as we so often say in this fandom, every one “fans” differently, there is no right or wrong way to do it. while many of us may follow a similar path in the way we go about things, our personalities and individual situations are reflected in our actions. we have different sensibilities, we get different things out of the experience but the great thing about being a fan online is that it’s all up to us, we can tailor it to fit our needs. my “normal” usually consists of the following: I become aware of an actor and am impressed by one of his performances. I look him up on IMDb to see what other movies/television shows he’s been in. I Google his name and click on a few fan-sites, along with browsing through Google images to get a better feel of him. this usually satisfies my initial curiosity but as the weeks and months go by, I’ll casually investigate more by turning to Youtube for interviews. if I’m lucky, someone will have uploaded some of his older, lesser known work. after watching some of that, I’ll turn back to the fan-sites and find print interviews and articles. I like both video and print interviews because they offer slightly different views on the actor’s personality and work ethic. all of this “research” may take place over several weeks and months, or it may be a crash course that happens over one weekend; I tend to alternate between the two.

Popquiz, hotshot: there's a tornado chasing a bus. if the bus picks up speed your wet shirt will dry, disappointing fangirls everywhere. what do you do? what do you do?!
popquiz, hotshot: there’s a tornado chasing a bus. if the bus picks up speed your wet shirt will dry, disappointing fangirls everywhere. what do you do? what do you do?!

it’s normal for me to not be able to get an actor off my mind. how he moves, how he talks, what I’ve learned about his background and what kind of actor he is. I become enamored with his characters, daydreaming about their stories and struggles, putting myself in their shoes and contemplating what I would have done differently in their situation. by this point I’ve formed some opinions on the actor and his work, and so I might venture out to see what other people think of him. this can be hard at the “puppy love” stage because the internet is a harsh place.


people may say he’s ugly, people may say he seems like a jerk, people may complain that his acting sucks and anyone who doesn’t see it must be blind. this is when I forcefully sit on my hands and resist the (very strong) urge to jump in and say that they’re the crazy ones if they can’t see how talented he is! that I happen to like how he looks and no one is forcing them to like him, so just be quiet!!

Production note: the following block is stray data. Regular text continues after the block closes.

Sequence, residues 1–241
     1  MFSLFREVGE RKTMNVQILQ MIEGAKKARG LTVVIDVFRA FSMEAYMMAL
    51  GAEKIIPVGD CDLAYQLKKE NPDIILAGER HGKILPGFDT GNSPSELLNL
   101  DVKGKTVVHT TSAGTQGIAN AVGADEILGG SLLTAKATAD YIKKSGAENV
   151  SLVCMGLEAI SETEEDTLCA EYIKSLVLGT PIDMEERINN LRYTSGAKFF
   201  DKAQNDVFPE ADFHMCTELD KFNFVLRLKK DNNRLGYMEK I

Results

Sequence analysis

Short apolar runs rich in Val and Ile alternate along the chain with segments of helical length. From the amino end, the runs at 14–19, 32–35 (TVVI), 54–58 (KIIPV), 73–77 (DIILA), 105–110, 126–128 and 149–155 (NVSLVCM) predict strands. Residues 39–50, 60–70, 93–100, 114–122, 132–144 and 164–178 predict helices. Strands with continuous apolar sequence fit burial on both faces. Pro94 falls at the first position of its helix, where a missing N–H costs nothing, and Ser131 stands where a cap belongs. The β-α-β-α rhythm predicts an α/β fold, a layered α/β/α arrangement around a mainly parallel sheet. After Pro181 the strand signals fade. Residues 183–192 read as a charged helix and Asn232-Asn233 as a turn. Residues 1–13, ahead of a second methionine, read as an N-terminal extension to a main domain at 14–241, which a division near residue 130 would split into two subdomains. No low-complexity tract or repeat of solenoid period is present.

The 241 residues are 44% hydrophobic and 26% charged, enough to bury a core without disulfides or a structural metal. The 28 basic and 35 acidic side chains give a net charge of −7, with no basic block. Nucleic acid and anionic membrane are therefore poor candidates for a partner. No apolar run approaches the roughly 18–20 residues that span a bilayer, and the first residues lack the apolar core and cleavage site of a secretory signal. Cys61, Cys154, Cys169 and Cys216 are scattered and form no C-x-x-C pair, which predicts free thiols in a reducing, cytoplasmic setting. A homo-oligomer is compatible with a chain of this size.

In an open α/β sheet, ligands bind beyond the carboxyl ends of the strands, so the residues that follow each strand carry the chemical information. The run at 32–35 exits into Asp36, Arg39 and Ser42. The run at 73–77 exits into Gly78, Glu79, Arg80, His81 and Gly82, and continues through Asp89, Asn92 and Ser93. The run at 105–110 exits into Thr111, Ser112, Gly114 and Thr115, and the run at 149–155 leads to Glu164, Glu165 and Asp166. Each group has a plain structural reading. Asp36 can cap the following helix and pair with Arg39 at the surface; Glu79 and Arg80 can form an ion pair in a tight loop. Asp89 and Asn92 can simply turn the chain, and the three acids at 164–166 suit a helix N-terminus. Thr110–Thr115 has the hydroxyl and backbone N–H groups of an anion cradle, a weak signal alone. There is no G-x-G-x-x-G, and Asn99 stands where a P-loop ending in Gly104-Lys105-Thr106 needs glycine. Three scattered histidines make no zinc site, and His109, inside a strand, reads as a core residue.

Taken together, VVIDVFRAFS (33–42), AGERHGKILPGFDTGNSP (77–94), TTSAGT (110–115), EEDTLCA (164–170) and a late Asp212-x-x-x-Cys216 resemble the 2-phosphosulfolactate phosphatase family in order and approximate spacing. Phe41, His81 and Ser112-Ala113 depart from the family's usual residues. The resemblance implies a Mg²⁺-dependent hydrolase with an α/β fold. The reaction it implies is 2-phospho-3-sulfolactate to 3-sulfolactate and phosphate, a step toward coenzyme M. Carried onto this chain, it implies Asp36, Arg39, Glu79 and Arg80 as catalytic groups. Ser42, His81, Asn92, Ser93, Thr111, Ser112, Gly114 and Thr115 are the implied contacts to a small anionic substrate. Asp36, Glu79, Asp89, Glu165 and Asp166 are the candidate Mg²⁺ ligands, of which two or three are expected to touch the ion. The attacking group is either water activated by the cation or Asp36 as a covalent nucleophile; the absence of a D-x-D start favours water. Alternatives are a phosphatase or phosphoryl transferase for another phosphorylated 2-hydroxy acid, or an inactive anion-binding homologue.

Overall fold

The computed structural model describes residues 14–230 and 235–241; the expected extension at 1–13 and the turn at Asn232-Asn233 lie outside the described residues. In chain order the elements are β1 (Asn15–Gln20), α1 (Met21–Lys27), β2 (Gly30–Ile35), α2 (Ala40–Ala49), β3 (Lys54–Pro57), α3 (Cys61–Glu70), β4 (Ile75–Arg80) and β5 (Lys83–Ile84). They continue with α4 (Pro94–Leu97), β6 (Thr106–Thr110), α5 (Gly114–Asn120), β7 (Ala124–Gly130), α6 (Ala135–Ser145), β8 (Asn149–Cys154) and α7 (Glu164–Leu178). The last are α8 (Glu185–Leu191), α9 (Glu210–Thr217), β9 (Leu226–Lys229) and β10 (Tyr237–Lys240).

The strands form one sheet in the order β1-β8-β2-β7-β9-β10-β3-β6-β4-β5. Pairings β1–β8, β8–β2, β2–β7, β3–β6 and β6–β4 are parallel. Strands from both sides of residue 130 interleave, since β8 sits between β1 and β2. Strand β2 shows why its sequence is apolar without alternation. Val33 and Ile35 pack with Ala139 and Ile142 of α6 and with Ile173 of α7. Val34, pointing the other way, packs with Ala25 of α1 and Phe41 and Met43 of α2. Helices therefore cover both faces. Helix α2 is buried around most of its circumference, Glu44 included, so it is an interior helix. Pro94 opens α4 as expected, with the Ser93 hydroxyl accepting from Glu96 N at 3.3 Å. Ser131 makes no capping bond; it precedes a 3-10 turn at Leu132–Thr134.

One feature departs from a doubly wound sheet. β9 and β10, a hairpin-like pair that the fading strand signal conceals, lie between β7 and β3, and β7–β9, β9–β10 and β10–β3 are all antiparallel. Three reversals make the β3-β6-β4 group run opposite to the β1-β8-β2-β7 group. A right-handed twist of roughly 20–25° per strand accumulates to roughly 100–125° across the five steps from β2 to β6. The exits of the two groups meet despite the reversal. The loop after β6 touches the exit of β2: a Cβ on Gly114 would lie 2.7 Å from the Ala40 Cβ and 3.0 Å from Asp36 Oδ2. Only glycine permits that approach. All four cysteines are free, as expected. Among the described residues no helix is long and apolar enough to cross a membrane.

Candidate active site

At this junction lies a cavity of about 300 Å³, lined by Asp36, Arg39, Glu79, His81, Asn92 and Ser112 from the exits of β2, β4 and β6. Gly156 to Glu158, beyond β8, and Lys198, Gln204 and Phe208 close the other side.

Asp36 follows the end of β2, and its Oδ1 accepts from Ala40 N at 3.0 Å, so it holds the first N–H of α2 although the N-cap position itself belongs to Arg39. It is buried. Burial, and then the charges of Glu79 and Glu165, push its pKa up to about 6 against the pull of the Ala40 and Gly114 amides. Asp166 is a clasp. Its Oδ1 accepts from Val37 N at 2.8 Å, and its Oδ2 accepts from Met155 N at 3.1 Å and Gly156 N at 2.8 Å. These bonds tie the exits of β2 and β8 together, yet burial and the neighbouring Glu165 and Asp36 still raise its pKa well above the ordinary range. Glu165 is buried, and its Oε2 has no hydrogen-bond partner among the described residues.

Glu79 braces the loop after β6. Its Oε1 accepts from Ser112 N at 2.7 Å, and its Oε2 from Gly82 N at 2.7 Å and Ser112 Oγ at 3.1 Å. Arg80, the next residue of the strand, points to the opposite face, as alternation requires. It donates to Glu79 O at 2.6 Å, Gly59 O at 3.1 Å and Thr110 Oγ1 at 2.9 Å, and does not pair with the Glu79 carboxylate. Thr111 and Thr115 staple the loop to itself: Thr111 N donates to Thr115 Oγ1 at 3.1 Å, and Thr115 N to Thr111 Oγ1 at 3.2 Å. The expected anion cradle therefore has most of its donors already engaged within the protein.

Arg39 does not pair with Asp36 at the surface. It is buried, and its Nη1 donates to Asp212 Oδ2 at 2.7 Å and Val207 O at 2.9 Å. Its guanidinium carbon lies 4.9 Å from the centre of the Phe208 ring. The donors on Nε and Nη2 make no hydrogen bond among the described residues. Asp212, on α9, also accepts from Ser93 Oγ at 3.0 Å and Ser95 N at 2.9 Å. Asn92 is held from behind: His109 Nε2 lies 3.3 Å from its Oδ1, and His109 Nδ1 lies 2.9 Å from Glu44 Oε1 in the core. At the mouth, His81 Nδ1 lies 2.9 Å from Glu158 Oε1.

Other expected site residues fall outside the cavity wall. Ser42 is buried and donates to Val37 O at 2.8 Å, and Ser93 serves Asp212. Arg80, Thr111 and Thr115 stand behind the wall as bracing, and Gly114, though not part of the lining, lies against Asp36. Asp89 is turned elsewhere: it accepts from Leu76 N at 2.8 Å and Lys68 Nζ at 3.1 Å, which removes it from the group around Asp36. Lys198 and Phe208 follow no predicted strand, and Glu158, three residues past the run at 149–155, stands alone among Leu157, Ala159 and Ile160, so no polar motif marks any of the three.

but here’s what I always have to remind myself: their words have nothing to do with me. their words don’t change how the actor affects me. their words are just words. in the end, all that really matters is me. I shouldn’t have to defend what makes me happy, I shouldn’t have to justify why it makes me happy or how. I can internally debate those things on my own, but looking to others for approval about what makes me happy is not something I want to spend my time on.

it shows, believe me.
it shows, believe me

I want to fall in love with fictional characters. I want to revel in the way that certain actors bring them to life. I want to learn about the actors that portray those characters, see myself in them and watch them experience things that I never will. I want to see them grow as people and let them continually surprise me with their talent. I want to smile when I hear their voice in interviews, swoon when I see them in photoshoots, laugh and cry and rage and even shiver in fear, as they wreak havoc on my emotions during their performances. I want to celebrate all of the good things about them with fellow fans, and even admit the not-so-good things about them (and consequently, me) with people that I feel safe with. I learn from them, both the actors themselves and the people I discuss them with, in so many different ways.